A health and fitness facility that opened last year on Front Avenue in Columbus, on the fringes of the Historic District, has generated concern among some residents, putting the issue of spot zoning before the city’s elected officials.
The matter was taken up by Columbus Council during its Feb. 12 meeting, with council members considering the amendment to a unified development ordinance and possibly granting a special exception for Crossfit CSG and its owner, Joanne Cogle.
No final decision was made by council, which wants to seek more input from the public.
“As a property owner myself, I completely understand where my neighbors are coming from, where I would not necessarily want a huge fitness facility next door to my house,” Cogle told council.
Cogle opened the business in October at 710 Front Ave. initially operating under the certificate of occupancy of her landlord, River Valley Regional Commission.
Cogle, a Historic District resident, said joining a vibrant and growing downtown area as a business was important to her. She said classes are capped at about 15 people per session, with weekends having a few more participants, so there would not be a huge increase in traffic. Also, the business has a dedicated parking lot, Cogle said.
“So if you’re looking at the traffic impact, we’re looking at maybe 30 cars coming in and out of our parking lot throughout the day,” she said. “Most of our classes are in the morning and then in the evening after business hours. That parking lot is accessible to our athletes and to our members. So we’re off-the-street parking. We have very low impact.”
City manager Isaiah Hugley said the 23,958-square-foot Front Avenue building, home to a dialysis center years ago, is partly owned by the River Valley Regional Commission, a government organization that leased it to the fitness facility. The launch of the business generated questions as the building permit for outfitting the gym was issued and equipment began to be delivered.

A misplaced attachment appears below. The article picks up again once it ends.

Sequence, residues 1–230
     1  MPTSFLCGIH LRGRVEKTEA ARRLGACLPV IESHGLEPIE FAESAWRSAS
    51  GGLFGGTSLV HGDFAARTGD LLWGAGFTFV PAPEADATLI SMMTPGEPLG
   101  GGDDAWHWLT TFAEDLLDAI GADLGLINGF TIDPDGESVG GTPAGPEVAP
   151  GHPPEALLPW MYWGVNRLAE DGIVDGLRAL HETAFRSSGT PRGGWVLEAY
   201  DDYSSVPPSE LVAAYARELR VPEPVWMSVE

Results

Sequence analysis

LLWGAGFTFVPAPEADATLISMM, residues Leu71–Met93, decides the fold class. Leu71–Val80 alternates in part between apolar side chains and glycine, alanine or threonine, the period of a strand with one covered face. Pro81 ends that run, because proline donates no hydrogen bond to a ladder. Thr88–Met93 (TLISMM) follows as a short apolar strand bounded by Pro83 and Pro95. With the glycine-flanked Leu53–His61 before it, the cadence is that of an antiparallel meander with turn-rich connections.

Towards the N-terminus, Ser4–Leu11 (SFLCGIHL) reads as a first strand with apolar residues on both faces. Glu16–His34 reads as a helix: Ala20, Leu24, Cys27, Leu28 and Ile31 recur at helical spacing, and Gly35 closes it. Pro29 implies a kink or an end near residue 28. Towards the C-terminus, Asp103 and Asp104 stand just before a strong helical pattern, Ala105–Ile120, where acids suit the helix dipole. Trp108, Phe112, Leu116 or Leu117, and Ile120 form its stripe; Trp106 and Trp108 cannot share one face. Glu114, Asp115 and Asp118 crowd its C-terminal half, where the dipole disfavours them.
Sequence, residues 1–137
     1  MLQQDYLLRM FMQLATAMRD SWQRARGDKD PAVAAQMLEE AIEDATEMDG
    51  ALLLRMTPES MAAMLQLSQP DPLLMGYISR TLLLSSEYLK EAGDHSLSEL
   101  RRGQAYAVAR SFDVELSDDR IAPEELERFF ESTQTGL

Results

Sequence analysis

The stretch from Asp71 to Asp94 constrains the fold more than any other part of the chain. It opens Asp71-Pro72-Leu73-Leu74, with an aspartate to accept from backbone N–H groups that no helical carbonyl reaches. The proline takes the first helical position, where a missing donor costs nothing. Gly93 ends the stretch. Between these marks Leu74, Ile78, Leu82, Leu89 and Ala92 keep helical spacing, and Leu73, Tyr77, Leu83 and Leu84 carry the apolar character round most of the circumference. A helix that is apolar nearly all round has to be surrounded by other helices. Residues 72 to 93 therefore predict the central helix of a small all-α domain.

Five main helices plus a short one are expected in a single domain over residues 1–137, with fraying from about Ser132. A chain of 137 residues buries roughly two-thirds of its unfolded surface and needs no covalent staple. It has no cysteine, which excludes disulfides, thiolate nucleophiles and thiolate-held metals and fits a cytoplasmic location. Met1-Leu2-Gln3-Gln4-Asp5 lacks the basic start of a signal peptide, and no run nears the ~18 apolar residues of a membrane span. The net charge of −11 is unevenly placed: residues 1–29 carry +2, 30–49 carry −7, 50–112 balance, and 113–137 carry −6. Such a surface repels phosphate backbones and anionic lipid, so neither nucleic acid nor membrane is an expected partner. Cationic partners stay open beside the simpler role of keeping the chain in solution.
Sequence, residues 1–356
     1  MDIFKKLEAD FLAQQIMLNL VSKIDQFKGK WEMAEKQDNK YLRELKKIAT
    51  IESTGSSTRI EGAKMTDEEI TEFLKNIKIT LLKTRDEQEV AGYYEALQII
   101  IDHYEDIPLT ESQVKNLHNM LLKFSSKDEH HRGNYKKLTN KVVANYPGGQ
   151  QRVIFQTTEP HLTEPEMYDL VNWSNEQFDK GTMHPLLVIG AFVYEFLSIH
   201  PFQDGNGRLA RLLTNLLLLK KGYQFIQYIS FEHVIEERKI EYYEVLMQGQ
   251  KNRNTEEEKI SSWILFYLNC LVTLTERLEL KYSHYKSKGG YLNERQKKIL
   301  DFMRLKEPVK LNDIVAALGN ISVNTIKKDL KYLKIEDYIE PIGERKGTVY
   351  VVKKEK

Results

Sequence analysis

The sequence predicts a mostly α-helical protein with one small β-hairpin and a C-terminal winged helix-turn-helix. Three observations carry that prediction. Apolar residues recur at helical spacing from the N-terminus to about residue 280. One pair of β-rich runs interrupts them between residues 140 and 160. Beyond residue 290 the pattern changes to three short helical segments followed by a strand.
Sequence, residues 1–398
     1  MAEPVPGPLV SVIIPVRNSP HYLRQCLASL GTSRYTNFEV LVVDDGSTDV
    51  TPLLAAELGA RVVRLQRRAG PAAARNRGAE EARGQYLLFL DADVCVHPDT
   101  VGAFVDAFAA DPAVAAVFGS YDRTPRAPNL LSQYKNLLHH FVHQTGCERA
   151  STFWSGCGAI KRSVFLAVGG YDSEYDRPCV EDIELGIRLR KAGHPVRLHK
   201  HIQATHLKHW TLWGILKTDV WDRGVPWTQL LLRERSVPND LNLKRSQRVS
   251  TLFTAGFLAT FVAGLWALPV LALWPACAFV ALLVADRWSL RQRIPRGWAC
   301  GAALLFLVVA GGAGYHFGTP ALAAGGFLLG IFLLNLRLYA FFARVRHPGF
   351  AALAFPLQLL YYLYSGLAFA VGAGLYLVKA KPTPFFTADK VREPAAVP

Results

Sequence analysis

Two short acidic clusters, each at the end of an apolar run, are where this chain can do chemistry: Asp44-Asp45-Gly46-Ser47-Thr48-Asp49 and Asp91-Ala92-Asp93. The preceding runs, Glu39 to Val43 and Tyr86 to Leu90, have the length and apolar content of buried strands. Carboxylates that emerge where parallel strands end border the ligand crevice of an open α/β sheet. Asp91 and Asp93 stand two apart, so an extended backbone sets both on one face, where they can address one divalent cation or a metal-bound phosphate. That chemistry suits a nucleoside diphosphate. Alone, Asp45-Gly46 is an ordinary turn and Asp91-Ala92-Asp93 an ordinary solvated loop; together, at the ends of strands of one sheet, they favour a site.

The city’s Planning Department received a complaint from a neighbor in November, which was forwarded to the city attorney for an opinion. It was determined that the business was not in compliance with the unified development ordinance. A special enforcement officer told Cogle in early December that she would have to comply.
Cogle appeared before council a week later to request her own temporary certificate of occupancy until everything could be worked out. Council granted her a certificate until the end of April, allowing her to continue operating.
During last week’s meeting, the council worked to eliminate any confusion surrounding the business that lies on the fringe of the historic district. It’s in an area of the city that already has plenty of commercial entities operating within its official boundaries, including the Columbus Marriott Hotel.
Columbus planning director Rick Jones said he cannot recall there being any spot zoning applications for the Historic District. Jones said current non-residential uses allowed without any spot zoning or special exceptions include personal-care homes for six people or less, day-care facilities, someone working out of a home office, artist galleries, and gift and antique shops. A restaurant would be allowed with a special exception, he said.
Councilor Mimi Woodson, whose district includes the historic neighborhood, said she has received calls and emails from concerned citizens about the gym. She called for a “level playing field,” saying if one business is going to be held to rules and regulations, then all should. Some commercial entities, including the Marriott, have been grandfathered into the district through the years.
Councilor John House asked that should a text amendment change in the ordinance be approved for the health and fitness business, would it allow similar fitness operator to enter the district. He also asked if any future businesses approaching the area would need a special exception, as well.
“It does not grant (future business prospects) anything. There’s nothing absolute about it,” Jones said. “They still have to come before (council). They still have to go through a public hearing. We still have to post a sign. We still have to do notices, just like we do on everything else. And you get to make that final determination.”
Tentatively, the case could return before the Planning Advisory Commission the first week of March, Jones said. He said a meeting will be scheduled to allow the public to speak on the matter.
At the council meeting, Columbus Mayor Skip Henderson pledged to not allow any harm come to the Historic District.
“The Historic District is such a unique area. It is finding its balance of the services and the restaurants and the opportunities that residents want, and making sure that it still maintains that unique historic flavor. Our focus is on protecting that,” Henderson said.